Matsudaira Naomasa (松平直政)
Naomasa MATSUDAIRA (September 1, 1601-March 8, 1666) was a daimyo (Japanese feudal lord) in the early Edo Period. After serving as the lord of Anezaki Domain in Kazusa Province, the lord of Ono Domain in Echizen Province and the lord of Matsumoto Domain in Shinano Province, he became the first lord of Matsue Domain in Izumo Province. The first head of the Echizen Matsudaira family of Naomasa lineage.
He was the third son of Hideyasu YUKI, the lord of Echizen Fukui Domain. His mother was from the Mitani clan (Gesshoin). His lawful wife was 久姫, the daughter of Tadayoshi HISAMATSU-MATSUDAIRA. His children were: Tsunataka MATSUDAIRA (the first son), Chikayoshi MATSUDAIRA (the second son), Takamasa MATSUDAIRA (the third son), Naotaka MATSUDAIRA (the fourth son), Komahime (the lawful wife of Naonori ECHIZEN-MATSUDAIRA), Tsuruhime (the lawful wife of Yoshizumi SATAKE). Others were Takehime who died young., Manhime, Kame-hime, Kiyahime, and Matsuhime (the wife of Daizen OKUBO). His official court rank was Dewa no kami (the governor of Dewa Province).
He was born on September 1, 1601 in Kawachi, Ika-gun, Omi Province; that is why he was named Kawachi-maru (later Kuni-maru). In 1605, he was adopted and raised by a vassal Shigemasa ASADA. When his father Hideyasu died from a disease in 1607, he became under the patronage of Tadanao MATSUDAIRA, the elder brother by a different mother. On May 28, 1611, he met his grandfather Ieyasu Tokugawa at the Nijo-jo Castle in Kyoto. He was given a part of his elder brother Tadanao's name, 'Nao' (直 in chinese character), and came to use the name Dewa no suke Naomasa (Naomasa, assistant governor of Dewa Province).
In 1614, he joined the Siege of Osaka. Because his real mother's social status was low, he was in the position of heyazumi (an adult-age eldest son who has yet to come into his inheritance) and did not have any war funds. It is said that his loyal subject called Hyogo KAMIYA borrowed no less than 2,000 ryo (currency unit) from the Nishi Hongan-ji Temple, which enabled Naomasa to join the battle. At the Fuyu no jin (the Winter War of Osaka), he fought at the Sanada-maru (Sanada Barbican) which was defended by Nobushige SANADA (also known as Yukimura SANADA), who was the greatest commander of the Toyotomi clan. He also joined the Siege of Osaka (Summer Siege of Osaka) next year and fought well by following the direction given by his brother Tadanao. During this battle, Tadanao's force made a distinguished war service by beheading lots of enemies including general Nobushige SANADA.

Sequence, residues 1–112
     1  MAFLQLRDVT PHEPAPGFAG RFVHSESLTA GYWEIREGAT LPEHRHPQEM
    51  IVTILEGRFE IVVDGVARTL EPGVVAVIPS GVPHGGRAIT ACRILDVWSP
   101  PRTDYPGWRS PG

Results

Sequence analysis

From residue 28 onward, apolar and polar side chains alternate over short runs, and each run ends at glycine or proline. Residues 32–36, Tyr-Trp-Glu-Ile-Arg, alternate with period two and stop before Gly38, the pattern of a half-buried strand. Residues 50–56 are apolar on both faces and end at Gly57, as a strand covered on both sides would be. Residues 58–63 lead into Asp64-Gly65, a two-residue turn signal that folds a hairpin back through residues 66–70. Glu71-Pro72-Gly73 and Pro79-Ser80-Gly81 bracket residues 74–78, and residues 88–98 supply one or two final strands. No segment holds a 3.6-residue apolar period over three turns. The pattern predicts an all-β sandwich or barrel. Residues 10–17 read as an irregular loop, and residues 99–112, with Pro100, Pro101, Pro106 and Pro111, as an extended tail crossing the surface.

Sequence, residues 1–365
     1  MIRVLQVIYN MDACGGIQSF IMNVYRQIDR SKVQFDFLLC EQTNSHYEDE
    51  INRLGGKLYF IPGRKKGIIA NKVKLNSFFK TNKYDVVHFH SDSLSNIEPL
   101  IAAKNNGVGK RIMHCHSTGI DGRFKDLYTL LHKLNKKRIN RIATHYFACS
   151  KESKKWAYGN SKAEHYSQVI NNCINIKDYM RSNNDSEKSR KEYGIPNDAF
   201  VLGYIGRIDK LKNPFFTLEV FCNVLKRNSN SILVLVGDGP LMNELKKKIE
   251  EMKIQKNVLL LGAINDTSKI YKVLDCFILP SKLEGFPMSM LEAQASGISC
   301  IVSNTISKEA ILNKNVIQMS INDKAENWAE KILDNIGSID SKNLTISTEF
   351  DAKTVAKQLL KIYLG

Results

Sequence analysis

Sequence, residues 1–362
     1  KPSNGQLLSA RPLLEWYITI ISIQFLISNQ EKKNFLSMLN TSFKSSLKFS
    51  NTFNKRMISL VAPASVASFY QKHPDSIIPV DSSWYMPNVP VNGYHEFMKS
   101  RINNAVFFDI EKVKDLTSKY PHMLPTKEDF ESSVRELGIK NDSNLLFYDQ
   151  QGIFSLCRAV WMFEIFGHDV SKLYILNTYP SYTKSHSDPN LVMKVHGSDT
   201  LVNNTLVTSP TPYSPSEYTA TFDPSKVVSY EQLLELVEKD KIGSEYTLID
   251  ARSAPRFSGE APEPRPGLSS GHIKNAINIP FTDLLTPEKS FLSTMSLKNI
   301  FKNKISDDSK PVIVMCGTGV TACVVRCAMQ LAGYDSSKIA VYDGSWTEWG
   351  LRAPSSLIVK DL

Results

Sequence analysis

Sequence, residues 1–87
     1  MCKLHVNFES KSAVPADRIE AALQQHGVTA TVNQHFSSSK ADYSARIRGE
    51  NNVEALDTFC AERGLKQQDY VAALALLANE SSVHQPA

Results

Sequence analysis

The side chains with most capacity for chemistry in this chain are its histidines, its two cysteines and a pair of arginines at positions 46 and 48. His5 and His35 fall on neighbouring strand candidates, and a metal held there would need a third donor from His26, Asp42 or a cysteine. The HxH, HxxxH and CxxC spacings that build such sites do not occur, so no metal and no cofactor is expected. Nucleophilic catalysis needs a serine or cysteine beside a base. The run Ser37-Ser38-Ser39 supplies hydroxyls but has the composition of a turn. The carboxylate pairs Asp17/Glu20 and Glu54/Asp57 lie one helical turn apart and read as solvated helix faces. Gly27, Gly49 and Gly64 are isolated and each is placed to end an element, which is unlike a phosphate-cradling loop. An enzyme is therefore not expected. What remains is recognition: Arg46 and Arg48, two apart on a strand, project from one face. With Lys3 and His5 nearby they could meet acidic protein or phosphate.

As an anecdote at this time, it is said that Naomasa's vassal Tahei MUTO gripped Naomasa's intimate part(scrotum) and said, 'when people feel scared it shrinks; however, yours doesn't.'
After the Siege of Osaka, his grandfather Ieyasu praised his great war service and he was given Ieyasu's uchikai bukuro (bag for food and money). His elder brother Tadanao also complimented Naomasa's performance, and granted a shoryo (territory) of 10,000 koku from his own territory. On June 19, 1616, the bakufu (Japanese feudal government headed by a shogun) granted an estate of 10,000 koku in Kazusaanezaki and the rank of Dewa no kami to Naomasa; he finally became an official daimyo. In 1623, when his brother Tadanao was forced to withdraw from the family head and exiled to the Bungo Province due to his misconduct and his quarrels with Hidetada TOKUGAWA, Naomasa changed the territory with additional properties of 50,000 koku in Echizen-Ono. In 1633, he again changed the territory with additional properties of 70,000 koku in Shinano in Matsumoto. In the next year, he built Tsukimi-yagura turret and tatsumi tsukeyagura (Southeast Connecting Tower) at the Matsumoto-jo Castle, and repaired the castle gate. In 1638, he changed his territory to Matsue in Izumo with an additional properties of 186,000 koku (and also governed 14,000 koku in Oki Province on behalf of someone else), and became kokushu (kokushu daimyo, a rank of territorial load in Edo period). This is how he became the head of Matsue domain.
Later, Naomasa severely oppressed Christians within his territory. It is said that he was more severe than the former feudal lord Horio clan and Tadataka KYOGOKU. On May 2, 1663, the bakufu appointed him as a kashi (ambassador) along with Motomasa OSAWA at the time of enthronement of the Emperor Reigen, and went to Kyoto. However, right after that on December 25, Naomasa fell ill and on March 8, 1666, he died at the edohantei (residence maintained by a daimyo in Edo). Died at the age of 66. His grave is located at the Gessho-ji Temple (Matsue City) in Sotonakabara-cho, Matsue City, Shimane Prefecture. His eldest son Tsunataka took over as the head of the family.
It is said that Naomasa was good at arguing, and people even called him "Abura-guchi" (eloquence) behind his back. The uchikai bukuro which Naomasa received from Ieyasu is stored in the Gessho-ji Temple.